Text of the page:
The team also tested the compound in a mouse model of kidney cancer and found that STF-31 nearly halved the amount of glucose imported by tumors and slowed tumor growth. In mice, at least, the drug appears to have few side effects. Mice treated with the compound for 14 days had no apparent damage to their normal tissues: They maintained a normal immune system and normal numbers of blood cells. “The other major tissue that comes up when you think glucose transport is the brain, and we didn’t see any toxicity with the brain,” said Chan.

Further experiments showed that STF-31 binds directly to a glucose transporter, probably blocking the pore of the channel-like molecule, computational modeling predicts. The team hopes to find other cancer types that are dependent on the same glucose transporter. Palo Alto biotechnology company Ruga Inc., co-founded by Giaccia, has licensed the drug for preclinical testing. Giaccia is on the company’s scientific advisory board; Chan serves as a consultant.

Former Stanford MD/PhD student Patrick Sutphin is a co-first author with Chan. Other Stanford co-authors are former postdoctoral scholars Sandra Turcotte, PhD, Edwin Lai, PhD, and Jen-Tsan Chi, MD, PhD; current postdoctoral scholar Alice Banh, PhD; former master’s student Phuong Nguyen, MD; David Solow-Cordero, PhD, director, and Jason Wu of Stanford’s High-Throughput Bioscience Center; veterinary pathologist Donna Bouley, DVM, PhD; and assistant professor of radiation oncology Edward Graves, PhD. The Stanford researchers collaborated with colleagues at Duke Medical Center in North Carolina and the University of Auckland in New Zealand.

The study was funded by Action to Cure Kidney Cancer, the Cecile and Ken Youner Fund for Cancer Research, the Association for International Cancer Research, the Maurice Wilkins Centre for Biodiscovery and the National Cancer Institute.

Posted by: jeanne | July 31, 2011

slutwalk in dehli

india is listed as one of the worst countries for women.  i’ve heard the harrassment is constant.  maybe it’s like living 23/6 opposite a construction site. or being a woman physicist. if it’s not a great place to be a woman, it stands to reason that it’s a great place for women to protest being treated like prey.

India ‘Slutwalk’ sex harassment protest held in Delhi

Delhi "Slutwalk" rally, 31 July

31 July 2011

A rally has taken place in India’s capital inspired by the “Slutwalk” protests held in a number of countries.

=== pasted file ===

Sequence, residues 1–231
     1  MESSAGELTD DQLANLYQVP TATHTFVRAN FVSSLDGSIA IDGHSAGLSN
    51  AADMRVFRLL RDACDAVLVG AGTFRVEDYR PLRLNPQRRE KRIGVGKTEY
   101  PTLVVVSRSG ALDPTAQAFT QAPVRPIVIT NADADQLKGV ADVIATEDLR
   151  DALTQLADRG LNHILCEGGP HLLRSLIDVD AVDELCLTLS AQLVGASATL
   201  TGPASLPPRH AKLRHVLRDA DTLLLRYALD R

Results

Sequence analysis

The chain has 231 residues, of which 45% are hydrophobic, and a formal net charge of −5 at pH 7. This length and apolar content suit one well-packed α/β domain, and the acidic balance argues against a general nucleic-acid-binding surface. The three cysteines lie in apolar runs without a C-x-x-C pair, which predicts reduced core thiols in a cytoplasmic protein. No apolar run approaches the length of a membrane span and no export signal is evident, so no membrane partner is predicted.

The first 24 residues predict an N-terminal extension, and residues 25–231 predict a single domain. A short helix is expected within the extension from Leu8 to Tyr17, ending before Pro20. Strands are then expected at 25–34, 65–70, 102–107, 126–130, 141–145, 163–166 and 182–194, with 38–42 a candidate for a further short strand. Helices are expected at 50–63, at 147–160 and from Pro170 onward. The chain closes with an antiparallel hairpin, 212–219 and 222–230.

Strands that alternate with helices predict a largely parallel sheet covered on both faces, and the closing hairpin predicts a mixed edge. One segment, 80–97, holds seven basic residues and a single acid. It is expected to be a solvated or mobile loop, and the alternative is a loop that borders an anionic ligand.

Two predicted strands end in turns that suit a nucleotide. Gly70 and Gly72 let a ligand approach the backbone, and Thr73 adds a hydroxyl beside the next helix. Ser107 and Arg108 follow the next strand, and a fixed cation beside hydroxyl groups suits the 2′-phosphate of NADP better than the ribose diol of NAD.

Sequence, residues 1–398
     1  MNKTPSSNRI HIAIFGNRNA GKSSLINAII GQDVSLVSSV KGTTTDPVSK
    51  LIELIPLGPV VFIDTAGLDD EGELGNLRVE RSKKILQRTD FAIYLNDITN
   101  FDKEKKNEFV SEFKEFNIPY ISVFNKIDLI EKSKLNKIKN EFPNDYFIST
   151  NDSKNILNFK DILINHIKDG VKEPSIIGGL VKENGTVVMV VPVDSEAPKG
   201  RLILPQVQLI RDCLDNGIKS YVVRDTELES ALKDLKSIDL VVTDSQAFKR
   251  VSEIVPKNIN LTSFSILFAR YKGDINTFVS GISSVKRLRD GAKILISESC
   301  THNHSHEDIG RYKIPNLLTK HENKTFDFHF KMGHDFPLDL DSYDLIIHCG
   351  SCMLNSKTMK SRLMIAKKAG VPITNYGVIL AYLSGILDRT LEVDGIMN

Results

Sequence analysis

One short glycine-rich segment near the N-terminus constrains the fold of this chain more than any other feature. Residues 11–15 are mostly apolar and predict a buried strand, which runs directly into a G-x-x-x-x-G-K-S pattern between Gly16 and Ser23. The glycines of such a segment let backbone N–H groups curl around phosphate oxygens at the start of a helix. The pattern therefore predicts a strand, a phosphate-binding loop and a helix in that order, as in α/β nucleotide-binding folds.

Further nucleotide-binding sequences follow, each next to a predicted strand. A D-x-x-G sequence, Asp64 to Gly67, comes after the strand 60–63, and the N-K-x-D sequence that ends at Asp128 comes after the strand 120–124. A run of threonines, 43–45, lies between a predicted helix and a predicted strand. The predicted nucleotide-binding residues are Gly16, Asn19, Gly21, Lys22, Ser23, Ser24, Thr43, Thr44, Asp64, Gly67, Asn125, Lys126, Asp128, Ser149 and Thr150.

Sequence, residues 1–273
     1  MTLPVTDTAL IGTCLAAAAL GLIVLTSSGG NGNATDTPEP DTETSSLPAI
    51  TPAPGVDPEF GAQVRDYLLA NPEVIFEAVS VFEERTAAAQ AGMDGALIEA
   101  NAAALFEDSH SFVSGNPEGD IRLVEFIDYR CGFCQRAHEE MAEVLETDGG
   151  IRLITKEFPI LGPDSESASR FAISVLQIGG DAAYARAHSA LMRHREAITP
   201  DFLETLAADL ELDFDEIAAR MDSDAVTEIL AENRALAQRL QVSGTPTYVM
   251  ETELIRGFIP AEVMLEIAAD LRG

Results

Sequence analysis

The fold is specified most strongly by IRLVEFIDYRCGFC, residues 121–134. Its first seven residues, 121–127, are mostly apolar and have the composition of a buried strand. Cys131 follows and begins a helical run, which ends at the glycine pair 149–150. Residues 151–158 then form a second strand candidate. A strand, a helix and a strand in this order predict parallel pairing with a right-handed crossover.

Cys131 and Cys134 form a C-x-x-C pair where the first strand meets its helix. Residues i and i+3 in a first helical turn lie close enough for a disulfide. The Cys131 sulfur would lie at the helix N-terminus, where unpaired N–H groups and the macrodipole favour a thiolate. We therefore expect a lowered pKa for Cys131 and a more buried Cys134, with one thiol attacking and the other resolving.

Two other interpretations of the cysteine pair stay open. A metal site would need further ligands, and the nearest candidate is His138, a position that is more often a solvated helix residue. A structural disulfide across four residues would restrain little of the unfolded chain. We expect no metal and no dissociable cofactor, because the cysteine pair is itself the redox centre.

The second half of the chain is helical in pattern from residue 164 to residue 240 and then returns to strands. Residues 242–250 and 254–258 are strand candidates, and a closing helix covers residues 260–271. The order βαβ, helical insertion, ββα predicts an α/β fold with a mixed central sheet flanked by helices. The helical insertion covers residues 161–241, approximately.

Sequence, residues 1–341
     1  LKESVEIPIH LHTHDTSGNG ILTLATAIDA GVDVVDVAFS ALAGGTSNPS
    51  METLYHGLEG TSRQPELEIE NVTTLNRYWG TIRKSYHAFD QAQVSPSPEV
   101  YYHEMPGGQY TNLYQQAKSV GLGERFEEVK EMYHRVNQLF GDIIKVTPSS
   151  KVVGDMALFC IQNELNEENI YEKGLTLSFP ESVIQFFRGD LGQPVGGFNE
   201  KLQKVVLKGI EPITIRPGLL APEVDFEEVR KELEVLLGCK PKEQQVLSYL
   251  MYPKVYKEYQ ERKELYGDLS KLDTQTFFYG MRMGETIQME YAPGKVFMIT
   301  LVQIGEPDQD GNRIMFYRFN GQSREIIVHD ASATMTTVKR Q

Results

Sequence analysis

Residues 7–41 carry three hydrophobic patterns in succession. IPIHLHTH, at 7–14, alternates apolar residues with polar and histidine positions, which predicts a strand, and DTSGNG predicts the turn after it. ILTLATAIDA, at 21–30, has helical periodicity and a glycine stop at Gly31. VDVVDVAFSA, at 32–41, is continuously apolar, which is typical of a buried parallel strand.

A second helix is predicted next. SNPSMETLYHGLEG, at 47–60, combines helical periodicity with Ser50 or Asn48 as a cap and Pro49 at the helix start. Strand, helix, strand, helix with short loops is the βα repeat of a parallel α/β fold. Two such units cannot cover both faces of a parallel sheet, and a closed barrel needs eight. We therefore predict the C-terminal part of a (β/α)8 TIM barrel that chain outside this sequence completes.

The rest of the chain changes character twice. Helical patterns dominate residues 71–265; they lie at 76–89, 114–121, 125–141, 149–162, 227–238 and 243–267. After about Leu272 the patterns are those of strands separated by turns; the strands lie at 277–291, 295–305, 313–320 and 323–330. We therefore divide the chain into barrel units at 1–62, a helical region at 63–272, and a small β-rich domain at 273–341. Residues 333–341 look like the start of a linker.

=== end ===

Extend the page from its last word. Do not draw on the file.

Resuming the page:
The protest is to challenge the notion that the way a woman looks can excuse sexual abuse or taunting – “Eve teasing” as it is known in India.

Hundreds took part in Delhi, though there was little of the skimpy dressing that has marked protests elsewhere.

The protests originated in Canada after a policeman said women could avoid rape by not dressing like “sluts”.

‘It’s our lives’

The BBC’s Mark Dummett in Delhi says the organisers are trying to challenge the mindset that the victims of sexual violence are to blame for the crimes committed against them.

He says Delhi can be a very difficult city for women, with sexual harassment commonplace, and rapes and abduction all too frequent.

And according to a recent survey, India remains one of the most dangerous countries in the world for women.

One protester told our correspondent: “Every girl has the right to wear whatever she wants, to do whatever she wants to do with her body. It’s our lives, our decisions, unless it’s harming you, you have no right to say anything.”

Another protester said: “There are a lot of problems for women in Delhi because a lot of women do face sexual harassment and just a couple of weeks ago the chief of police of Delhi said that if a women was out after 0200 she was responsible for what happens to her, and I don’t think that’s the right attitude.”

Most of the marchers in Delhi were soberly dressed in jeans and T-shirts or traditional shalwar kameez.

India recorded almost 22,000 rape cases in 2008, 18% up on 2004, the National Crime Records Bureau says.